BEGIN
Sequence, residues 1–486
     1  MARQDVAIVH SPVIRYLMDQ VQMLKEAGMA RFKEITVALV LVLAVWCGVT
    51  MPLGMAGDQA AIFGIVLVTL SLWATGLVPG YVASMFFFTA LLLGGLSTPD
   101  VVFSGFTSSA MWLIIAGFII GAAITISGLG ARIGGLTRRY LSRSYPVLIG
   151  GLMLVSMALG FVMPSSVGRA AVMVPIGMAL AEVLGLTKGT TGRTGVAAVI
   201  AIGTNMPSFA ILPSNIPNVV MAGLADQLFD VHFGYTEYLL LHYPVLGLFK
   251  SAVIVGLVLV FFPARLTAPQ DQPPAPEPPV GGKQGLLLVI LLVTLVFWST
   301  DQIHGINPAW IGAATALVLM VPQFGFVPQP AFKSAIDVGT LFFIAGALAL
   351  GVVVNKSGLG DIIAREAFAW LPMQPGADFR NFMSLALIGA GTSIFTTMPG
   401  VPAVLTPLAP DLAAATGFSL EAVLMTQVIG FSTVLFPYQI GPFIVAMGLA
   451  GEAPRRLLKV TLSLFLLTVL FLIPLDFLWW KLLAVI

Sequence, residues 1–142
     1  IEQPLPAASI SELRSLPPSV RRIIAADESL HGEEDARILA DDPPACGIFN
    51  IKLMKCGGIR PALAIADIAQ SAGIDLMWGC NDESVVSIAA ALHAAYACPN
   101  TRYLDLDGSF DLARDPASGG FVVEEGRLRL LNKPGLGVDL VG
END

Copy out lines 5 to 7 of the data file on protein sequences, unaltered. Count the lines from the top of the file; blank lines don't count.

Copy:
   151  GLMLVSMALG FVMPSSVGRA AVMVPIGMAL AEVLGLTKGT TGRTGVAAVI
   201  AIGTNMPSFA ILPSNIPNVV MAGLADQLFD VHFGYTEYLL LHYPVLGLFK
   251  SAVIVGLVLV FFPARLTAPQ DQPPAPEPPV GGKQGLLLVI LLVTLVFWST